Author: Edward Knudsen | Jacque Delors Centre | 4 June 2020 In order to fulfil its ambition to become a credible geopolitical player and to defend its interests and values abroad, it is critical for the EU to be able to withstand extraterritorial sanctions Edward Knudsen argues that European economic autonomy depends on displacing the US from the central role in international finance and recommends a strategy for strengthening the euro as an international currency.

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Predation and predators in the post-alliance era (INSS)

Institute for National Security Studies (University of Tel Aviv) | Policy Analysis | Volume 23 | No. 1 | January 2020 | Author: François Heisbourg In historical terms, it is the seventy-year era of alliances that is the exception. This point is well made every time NATO prides itself on being without precedent: yes indeed, but that is not reassuring. The norm is what prevailed in previous centuries or millennia. In this interesting article Heisbourg frames his speculation about

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Race is not real: It’s time to stop acting as though it is

For something that doesn’t exist, race exerts a pernicious and persistent influence on society. Placing people into a racial category, based on observable external features, and then attributing to it holistic ‘cultures’ that determine behaviours or moral character, is not supported by evidence.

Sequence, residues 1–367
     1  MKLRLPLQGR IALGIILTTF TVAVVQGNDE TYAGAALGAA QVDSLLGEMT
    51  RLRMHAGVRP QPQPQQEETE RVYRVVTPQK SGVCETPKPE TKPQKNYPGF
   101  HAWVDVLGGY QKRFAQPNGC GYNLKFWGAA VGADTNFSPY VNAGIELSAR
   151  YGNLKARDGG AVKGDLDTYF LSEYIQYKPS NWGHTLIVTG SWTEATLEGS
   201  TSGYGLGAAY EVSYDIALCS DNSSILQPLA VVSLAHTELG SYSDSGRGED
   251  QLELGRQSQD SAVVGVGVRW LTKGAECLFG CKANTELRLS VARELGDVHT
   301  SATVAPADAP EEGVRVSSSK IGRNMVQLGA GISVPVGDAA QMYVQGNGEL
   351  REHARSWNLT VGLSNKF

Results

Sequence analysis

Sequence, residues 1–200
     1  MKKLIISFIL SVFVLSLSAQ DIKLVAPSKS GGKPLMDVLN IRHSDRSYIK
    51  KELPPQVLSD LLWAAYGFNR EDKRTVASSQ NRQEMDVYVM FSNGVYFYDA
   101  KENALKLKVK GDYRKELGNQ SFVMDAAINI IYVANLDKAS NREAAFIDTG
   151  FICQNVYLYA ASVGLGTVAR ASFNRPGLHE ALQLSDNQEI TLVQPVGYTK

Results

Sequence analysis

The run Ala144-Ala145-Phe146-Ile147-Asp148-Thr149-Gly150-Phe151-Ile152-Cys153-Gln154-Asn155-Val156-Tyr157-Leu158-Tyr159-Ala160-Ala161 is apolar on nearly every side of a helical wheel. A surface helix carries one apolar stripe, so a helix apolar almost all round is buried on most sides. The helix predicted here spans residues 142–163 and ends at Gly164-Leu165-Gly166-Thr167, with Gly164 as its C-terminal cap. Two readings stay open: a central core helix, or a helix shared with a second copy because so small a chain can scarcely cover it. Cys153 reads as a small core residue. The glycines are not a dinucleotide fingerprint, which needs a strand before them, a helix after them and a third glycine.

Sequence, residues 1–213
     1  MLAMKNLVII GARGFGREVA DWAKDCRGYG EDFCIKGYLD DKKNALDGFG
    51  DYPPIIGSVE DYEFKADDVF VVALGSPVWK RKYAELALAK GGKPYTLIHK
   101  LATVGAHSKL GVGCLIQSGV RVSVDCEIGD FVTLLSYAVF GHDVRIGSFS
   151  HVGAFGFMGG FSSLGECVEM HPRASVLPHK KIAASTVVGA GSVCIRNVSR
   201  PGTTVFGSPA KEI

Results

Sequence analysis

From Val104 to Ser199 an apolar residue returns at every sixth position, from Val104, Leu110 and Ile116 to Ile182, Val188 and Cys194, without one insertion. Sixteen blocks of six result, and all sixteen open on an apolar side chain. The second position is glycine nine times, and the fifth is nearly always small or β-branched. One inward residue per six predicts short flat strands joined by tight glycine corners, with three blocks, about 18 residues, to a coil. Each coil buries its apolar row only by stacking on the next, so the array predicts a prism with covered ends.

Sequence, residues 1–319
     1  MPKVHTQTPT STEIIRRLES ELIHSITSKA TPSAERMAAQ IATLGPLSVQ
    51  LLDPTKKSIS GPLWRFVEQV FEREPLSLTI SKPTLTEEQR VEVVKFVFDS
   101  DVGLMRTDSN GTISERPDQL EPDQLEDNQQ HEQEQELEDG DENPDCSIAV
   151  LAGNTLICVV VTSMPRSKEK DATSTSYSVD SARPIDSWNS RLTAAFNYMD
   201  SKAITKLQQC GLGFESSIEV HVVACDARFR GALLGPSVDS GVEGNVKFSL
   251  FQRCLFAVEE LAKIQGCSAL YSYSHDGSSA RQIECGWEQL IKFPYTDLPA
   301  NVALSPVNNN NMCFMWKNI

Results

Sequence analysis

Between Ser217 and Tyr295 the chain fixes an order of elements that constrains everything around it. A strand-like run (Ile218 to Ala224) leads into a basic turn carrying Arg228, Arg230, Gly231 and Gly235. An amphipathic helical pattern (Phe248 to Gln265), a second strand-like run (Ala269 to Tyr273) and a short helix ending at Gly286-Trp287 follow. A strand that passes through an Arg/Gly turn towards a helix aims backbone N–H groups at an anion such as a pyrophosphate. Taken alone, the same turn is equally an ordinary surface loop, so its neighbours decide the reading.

But even those who are prepared to go to the barricades to oppose racism perpetuate the notion that race is real. This makes the management of entrenched racism inordinately difficult – but belief in race can be undermined – this is what needs to happen.

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The Australia-India Strategic Partnership: ‘Shared values’ mask the real strategic purpose

The much-used phrase ‘shared values’ is regularly used as the basis for international relationships and alliances. It can be used to selectively point to values found in political, social or economic ideologies, or in religious or ethical systems – and to divert attention away from substantive issues or conjure up imaginary communities of interest. In the context of the Australia-India Strategic Partnership, does the use of the phrase mask the real strategic purpose of the agreement?